Sunday, August 26, 2012

4.5 Star Fiction


I think that my ratings confuse people. I know they do. I continue to keep my ratings the same as they have always been because I want to be different, I can't be bothered to change them and I'm stubborn. So, instead of changing them I wrote a little description on the right-hand side bar about what the ratings mean and occasionally I decide to write a post where I waffle on about that for a bit. Today I want to explain the 4.5 star ratings in more detail and mention a few books that are worth the read (and maybe even the reread) even though they weren't favourites.
According to the little ratings glossary a 4.5 star book (out of five stars) is a book that gets this reaction:
"I really liked it, but something wasn't quite right."
To expand on that a little more I'm going to say that the majority of the 4.5/5 star books that I've read and rated are books that were really intriguing, really exciting, possibly a bit unusual and lacking on the story-telling part. Whether it be because the author changed between POV a little too often without any sort of indication of this, whether the story lacked in explanation or whether some of the story used a little bit too much detail. In some cases I think the book is just a little bit out-of-my-league and I don't enjoy it as much as I should because I'm not THAT smart.
So Why do I have 4.5 star books? Why do I have all these half-ratings with point-fives in them? I've done this because I originally started rating books on an out-of-five scale and decided after rating some books 4/5 and others 5/5 that some books were a bit in between and I didn't want to rate them incorrectly. I tend to rate books highly (according to my goodreads my average rating is 4.5), but I still want to be able to articulate which books are worth more than others.
-'The Vanishing Act of Esme Lennox' by Maggie O'Farrell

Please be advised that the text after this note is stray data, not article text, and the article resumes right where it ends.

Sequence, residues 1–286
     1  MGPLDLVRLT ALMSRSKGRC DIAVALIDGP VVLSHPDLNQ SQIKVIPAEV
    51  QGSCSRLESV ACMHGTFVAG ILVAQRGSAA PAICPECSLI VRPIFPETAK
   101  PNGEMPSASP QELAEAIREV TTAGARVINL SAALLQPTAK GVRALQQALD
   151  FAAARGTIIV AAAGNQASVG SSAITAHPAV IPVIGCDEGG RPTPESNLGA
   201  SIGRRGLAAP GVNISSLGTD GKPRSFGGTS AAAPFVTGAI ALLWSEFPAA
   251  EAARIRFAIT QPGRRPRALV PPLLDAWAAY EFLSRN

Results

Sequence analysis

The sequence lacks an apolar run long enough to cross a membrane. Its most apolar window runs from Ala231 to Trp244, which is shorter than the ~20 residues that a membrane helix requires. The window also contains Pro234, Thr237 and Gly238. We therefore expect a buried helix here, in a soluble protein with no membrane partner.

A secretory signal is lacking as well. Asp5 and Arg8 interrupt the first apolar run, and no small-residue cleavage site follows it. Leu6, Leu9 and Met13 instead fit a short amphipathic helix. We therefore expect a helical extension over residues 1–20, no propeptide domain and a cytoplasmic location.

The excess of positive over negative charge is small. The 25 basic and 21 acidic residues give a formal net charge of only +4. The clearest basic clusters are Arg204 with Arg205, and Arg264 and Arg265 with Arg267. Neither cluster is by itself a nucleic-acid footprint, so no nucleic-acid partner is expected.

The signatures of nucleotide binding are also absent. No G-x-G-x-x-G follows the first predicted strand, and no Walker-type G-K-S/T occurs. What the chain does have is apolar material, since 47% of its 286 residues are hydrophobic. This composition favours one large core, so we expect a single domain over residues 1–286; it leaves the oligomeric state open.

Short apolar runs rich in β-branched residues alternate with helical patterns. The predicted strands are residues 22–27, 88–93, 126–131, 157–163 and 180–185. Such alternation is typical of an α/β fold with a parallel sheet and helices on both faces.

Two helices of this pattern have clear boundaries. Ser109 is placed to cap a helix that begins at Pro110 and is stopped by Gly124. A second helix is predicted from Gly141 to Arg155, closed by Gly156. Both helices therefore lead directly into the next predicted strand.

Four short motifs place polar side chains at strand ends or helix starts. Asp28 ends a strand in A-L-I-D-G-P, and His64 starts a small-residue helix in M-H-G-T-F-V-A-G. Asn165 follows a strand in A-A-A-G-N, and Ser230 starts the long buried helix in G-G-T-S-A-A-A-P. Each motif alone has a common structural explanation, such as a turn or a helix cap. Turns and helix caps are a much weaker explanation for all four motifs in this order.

I haven't "favourited" a book by this author yet, but I do really like her work and can't wait to read more of her books. I love the detail and the way the author handles important social issues in her books, but find that I'm always hoping there was a little more to the story; just a little bit more explanation or conclusion when it comes to the big reveal.
-'Eve' by Anna Carey
A dystopian story that I really enjoyed. It kept me on the edge of my seat, but the ending wasn't what I hoped. Still quite enjoyable and I can't wait for the sequel.
-'Fallen Angels' by Tara Hyland
A very enjoyable piece of historical fiction. I think the reason I didn't enjoy it, is because I've read some fantastic historical fiction before this that set the bar really high. That and the ending wasn't very conclusive. I think I'd like to read a sequel so I could know for sure...
-'Imaginary Girls' by Nova Ren Suma
Amazing. Really Amazing stuff. Except, for this one part where the protagonist just skips over a few important parts of her life like they weren't even that important. However, doesn't totally kill the story and the whole underwater town thing is pretty rad.
-'Born Wicked' by Jessica Spotswood
Again with the ending! This one does have a sequel coming out next year though, so hopefully I get what I want and the right stuff happens!

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